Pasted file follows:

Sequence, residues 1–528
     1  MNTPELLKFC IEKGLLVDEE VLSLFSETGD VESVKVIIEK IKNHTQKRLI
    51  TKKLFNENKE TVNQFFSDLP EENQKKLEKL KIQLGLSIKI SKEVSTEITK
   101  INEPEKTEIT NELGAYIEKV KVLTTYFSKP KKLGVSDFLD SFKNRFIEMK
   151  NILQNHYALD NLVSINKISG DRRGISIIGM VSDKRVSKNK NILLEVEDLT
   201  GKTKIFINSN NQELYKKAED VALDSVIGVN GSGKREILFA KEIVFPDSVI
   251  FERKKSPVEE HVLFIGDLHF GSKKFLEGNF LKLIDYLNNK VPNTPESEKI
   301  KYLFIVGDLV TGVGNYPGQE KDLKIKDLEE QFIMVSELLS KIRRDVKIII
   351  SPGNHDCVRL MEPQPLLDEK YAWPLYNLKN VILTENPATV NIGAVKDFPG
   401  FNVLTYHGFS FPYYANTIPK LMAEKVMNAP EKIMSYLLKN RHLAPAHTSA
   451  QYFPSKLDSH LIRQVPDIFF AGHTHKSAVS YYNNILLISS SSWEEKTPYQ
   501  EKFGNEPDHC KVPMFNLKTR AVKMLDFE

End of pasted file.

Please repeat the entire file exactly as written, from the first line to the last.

Sequence, residues 1–528
     1  MNTPELLKFC IEKGLLVDEE VLSLFSETGD VESVKVIIEK IKNHTQKRLI
    51  TKKLFNENKE TVNQFFSDLP EENQKKLEKL KIQLGLSIKI SKEVSTEITK
   101  INEPEKTEIT NELGAYIEKV KVLTTYFSKP KKLGVSDFLD SFKNRFIEMK
   151  NILQNHYALD NLVSINKISG DRRGISIIGM VSDKRVSKNK NILLEVEDLT
   201  GKTKIFINSN NQELYKKAED VALDSVIGVN GSGKREILFA KEIVFPDSVI
   251  FERKKSPVEE HVLFIGDLHF GSKKFLEGNF LKLIDYLNNK VPNTPESEKI
   301  KYLFIVGDLV TGVGNYPGQE KDLKIKDLEE QFIMVSELLS KIRRDVKIII
   351  SPGNHDCVRL MEPQPLLDEK YAWPLYNLKN VILTENPATV NIGAVKDFPG
   401  FNVLTYHGFS FPYYANTIPK LMAEKVMNAP EKIMSYLLKN RHLAPAHTSA
   451  QYFPSKLDSH LIRQVPDIFF AGHTHKSAVS YYNNILLISS SSWEEKTPYQ
   501  EKFGNEPDHC KVPMFNLKTR AVKMLDFE